Gram-negative, motile, slightly fusiform, non-spore-forming bacterium
Still unclassified, but mouse and rat isolates are genetically related to Flexibacter and Fusobacterium species. Type species Cilia-Associated Respiratory Bacillus has been reclassified as Filobacterium rodentium (CAR Bacillus).
Rats, mice, rabbits, and some livestock species. Given the taxonomic range of these species, it is likely that other laboratory rodents including hamsters, guinea pigs, and gerbils, may also be infected.
Rare in contemporary laboratory rodent populations, depending on husbandry and exclusion. The infection has been documented in wild rodent and rabbit populations. No data exist for pet rodent and rabbit populations, but infections are likely to be common.
Transmission is primarily via direct contact. Animals can acquire the infection within the first week of birth, if born to infected mothers. Since this organism is transmitted through direct contact, bedding sentinels are not an efficient means of detecting this agent within a colony. The possibility of inter-species transmission is not resolved.
Clinical Signs and Lesions
In all susceptible species, inapparent infections are possible. If clinical signs are present, they develop with prolonged infection and are typical for respiratory disease, with weight loss, ruffled fur, chattering or snuffling, and, in rats, chromodacryorrhea. Rats appear to have a more significant clinical presentation with Filobacterium rodentium (CAR Bacillus) than mice. Lesions in rats are similar to those found in mycoplasma respiratory disease. Grossly, animals have a mucopurulent bronchopneumonia, and microscopic examination reveals chronic bronchitis with ectasia. The dilated bronchi often contain mucus and a scattering of neutrophils, although occasionally the inflammation can be suppurative. In uncomplicated CAR bacillus infections, the bronchial epithelium is usually preserved. There is often peribronchiolar cuffing composed of lymphocytes and plasma cells. The organisms can be seen amongst, and parallel to, the cilia of the respiratory epithelium. Although occasionally visible with H&E, they are readily seen if a silver stain is used. Lesions in mice are similar. In both mice and rats, CAR bacillus infection usually occurs concomitantly with M. pulmonis. In rabbits, the pathogenic significance of CAR bacillus is unknown, although no lesions have been attributed to it.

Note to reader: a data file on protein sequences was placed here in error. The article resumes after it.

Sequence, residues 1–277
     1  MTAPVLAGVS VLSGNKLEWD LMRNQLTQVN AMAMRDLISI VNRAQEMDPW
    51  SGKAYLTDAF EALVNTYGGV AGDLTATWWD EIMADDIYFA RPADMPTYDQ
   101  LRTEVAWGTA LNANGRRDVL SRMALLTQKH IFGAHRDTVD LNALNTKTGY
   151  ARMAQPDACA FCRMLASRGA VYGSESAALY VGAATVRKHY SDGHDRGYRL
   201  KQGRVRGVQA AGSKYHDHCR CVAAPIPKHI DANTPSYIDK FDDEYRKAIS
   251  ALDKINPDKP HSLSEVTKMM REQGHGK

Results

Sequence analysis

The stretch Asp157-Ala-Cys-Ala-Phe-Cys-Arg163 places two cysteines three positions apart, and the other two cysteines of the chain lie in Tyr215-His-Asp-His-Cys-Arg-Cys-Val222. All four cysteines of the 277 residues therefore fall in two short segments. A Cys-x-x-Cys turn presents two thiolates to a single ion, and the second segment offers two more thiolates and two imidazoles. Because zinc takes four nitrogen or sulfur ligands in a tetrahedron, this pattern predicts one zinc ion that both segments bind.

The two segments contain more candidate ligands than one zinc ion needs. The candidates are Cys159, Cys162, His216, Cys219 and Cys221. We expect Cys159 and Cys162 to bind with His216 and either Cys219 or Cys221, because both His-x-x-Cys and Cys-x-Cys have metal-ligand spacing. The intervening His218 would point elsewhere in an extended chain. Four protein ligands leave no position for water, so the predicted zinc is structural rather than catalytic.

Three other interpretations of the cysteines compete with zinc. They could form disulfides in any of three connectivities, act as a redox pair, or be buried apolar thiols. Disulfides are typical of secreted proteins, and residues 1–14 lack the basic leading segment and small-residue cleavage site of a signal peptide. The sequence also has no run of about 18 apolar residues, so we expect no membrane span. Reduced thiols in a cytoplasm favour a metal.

Filobacterium rodentium (CAR Bacillus) may be cultured from affected animals, but culture is not recommended for routine diagnostic purposes. The organism has different requirements for culture than many bacteria, preferring cell culture media, supplemented with serum, cell cultures, or embryonated hens’ eggs. Healthy-appearing populations of laboratory rodents are routinely monitored for Filobacterium rodentium (CAR Bacillus) through serology (ELISA, MFIA™, or IFA), with PCR and/or histopathology used to detect CAR bacillus in diseased animals, confirming the presence of bacteria within the characteristic lesions. Reagents for serology are often bacterial lysates, and serology has good negative predictive value, but because of the numerous antigens present in the lysates, CAR bacillus serology has a higher frequency of false positives than does viral serology. PCR is the preferred confirmatory method for follow-up to positive CAR bacillus serology results, and is best performed on nasopharyngeal or tracheal swabs or lavage. Definitive diagnosis may also be made through the use of histology; silver staining of the respiratory epithelium will reveal CAR bacillus in the cilia. Histology is highly specific, although PCR to rule out other infections such as Bordetella avium in mice (also characterized by bacilli amongst the cilia) is still recommended. In addition, the sensitivity of histologic screening relative to PCR has not been established for CAR bacillus.